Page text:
MacLellan told the media after head coach Todd Reirden was fired on August 23 that the team talked to him after the Capitals’ season ended and that the two sides will decide about his future with the team after more discussion.
Change is needed
Not that it was all Dillon’s fault, but the Capitals were 19-16-3 after their hot start, including 4-3-3 after he was acquired, and were still at the bottom in terms of goals-against per game (tied for the eighth-most in the NHL with an average of 3.40 with Dillon). Even though the goals-against went down to an average of 2.88 in the Stanley Cup Playoffs, the Capitals won only two of eight games.
Dillon was not the sole reason for the team’s failure to produce in August, but he did not contribute significantly either as he posted a 47.04% Corsi-for percentage and a 41.46% expected goals-for percentage in the Stanley Cup Playoffs. He tallied just one assist and an even rating in eight Stanley Cup Playoff games.
Over the eight games, the Capitals scored only 13 goals and 10 of them were scored by either forwards Alex Ovechkin, Evgeny Kuznetsov, or T.J. Oshie. Factoring in how the Capitals played the second half of the regular season, perhaps change is needed and since Dillon is a pending unrestricted free agent, it would be understandable if the Capitals decide let him walk.
Dillon will turn 30 before 2020-21 season starts
Even though Dillon is not expected to earn a long-term contract, he will turn 30-years-old on November 13 and the Capitals already have 10 players of at least age 30 next season. While the Capitals clearly need a defenseman in free agency, perhaps they should look at younger players to fill that hole in the top-four defensive unit.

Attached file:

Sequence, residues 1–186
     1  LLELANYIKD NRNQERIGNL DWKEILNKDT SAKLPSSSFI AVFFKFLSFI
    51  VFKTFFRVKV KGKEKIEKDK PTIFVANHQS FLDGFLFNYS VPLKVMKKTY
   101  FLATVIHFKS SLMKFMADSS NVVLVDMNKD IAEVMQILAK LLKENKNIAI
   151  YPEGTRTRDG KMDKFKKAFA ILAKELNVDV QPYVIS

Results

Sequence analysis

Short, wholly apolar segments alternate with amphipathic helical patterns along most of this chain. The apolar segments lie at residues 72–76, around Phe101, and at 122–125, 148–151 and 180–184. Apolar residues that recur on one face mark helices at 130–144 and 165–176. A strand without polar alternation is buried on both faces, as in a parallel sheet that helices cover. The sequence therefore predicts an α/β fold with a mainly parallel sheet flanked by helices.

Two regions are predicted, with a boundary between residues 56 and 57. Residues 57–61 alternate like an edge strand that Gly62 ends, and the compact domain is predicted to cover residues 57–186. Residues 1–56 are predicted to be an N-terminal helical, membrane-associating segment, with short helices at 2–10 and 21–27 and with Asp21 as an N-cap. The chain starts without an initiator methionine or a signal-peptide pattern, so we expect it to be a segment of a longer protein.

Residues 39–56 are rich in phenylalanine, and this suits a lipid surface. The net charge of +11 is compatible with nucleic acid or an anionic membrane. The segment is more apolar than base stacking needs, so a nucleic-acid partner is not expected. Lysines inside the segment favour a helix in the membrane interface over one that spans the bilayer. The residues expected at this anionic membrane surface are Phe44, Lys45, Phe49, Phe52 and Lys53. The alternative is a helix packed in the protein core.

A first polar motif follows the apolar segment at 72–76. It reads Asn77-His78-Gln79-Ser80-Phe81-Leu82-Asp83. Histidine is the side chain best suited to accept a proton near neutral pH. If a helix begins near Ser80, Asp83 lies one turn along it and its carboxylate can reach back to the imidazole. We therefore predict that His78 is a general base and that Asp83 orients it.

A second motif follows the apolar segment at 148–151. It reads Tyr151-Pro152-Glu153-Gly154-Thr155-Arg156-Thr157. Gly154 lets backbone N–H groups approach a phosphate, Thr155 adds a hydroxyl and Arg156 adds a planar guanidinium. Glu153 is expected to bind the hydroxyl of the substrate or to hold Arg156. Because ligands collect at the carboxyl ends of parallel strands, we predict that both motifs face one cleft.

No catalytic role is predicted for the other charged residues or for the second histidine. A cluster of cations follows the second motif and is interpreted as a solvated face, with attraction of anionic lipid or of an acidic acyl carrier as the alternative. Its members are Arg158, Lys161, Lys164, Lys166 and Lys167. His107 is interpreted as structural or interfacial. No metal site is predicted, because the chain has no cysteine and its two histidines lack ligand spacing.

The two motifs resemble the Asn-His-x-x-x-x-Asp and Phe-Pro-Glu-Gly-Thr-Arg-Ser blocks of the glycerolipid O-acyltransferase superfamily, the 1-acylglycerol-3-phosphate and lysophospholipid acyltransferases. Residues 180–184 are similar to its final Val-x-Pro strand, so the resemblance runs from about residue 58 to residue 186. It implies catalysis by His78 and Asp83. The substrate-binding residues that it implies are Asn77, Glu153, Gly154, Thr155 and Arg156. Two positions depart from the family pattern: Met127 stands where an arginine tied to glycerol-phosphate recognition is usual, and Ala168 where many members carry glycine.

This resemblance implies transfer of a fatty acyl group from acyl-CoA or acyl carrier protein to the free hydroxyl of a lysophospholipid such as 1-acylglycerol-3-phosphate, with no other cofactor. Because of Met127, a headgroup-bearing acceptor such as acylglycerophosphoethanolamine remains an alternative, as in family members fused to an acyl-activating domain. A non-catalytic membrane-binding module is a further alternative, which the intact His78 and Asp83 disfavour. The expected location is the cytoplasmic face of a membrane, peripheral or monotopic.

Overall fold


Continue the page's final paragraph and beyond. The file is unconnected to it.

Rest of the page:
While Dillon is a good defensive defenseman, there are other options on the market that fit that bill.
The Capitals are in need of a right-handed defenseman while Dillon is a lefty.
He will be relatively expensive
Dillon is expected to have a cap hit somewhere between $3-4 million on his next contract. The Capitals already have players to pay with Ovechkin (UFA), forward Jakub Vrana (RFA), and goaltender Ilya Samsonov (RFA) all in need of bigger contracts. With the NHL salary cap expected to stay flat for the next three seasons, that might be too much to pay a 30-year-old defenseman even if it is on a three-year contract.
Washington has only $10,394,872 in cap space due to the flat salary cap and 16 players under contract and has some big contract decisions coming up, sp perhaps it is better to go cheaper in signing a defenseman in free agency.
He is undisciplined
Another reason Dillon could be too expensive is because he ranked fourth in the NHL with 104 penalty minutes during the regular season and paying him $3-4 million when he is in the penalty box often may not be in the Capitals’ best interest, especially since the team was fifth in the NHL with 699 PIMs this season.
There are better, cheaper options on the market
There are also better options available on the unrestricted free agent market. Options that will allow the Capitals to acquire a right-handed defenseman at less of a cost. For example, unrestricted free agent Trevor van Riemsdyk would ultimately save the Capitals a million dollars. That’s huge considering there will be a flat cap for the next few years.
By Harrison Brown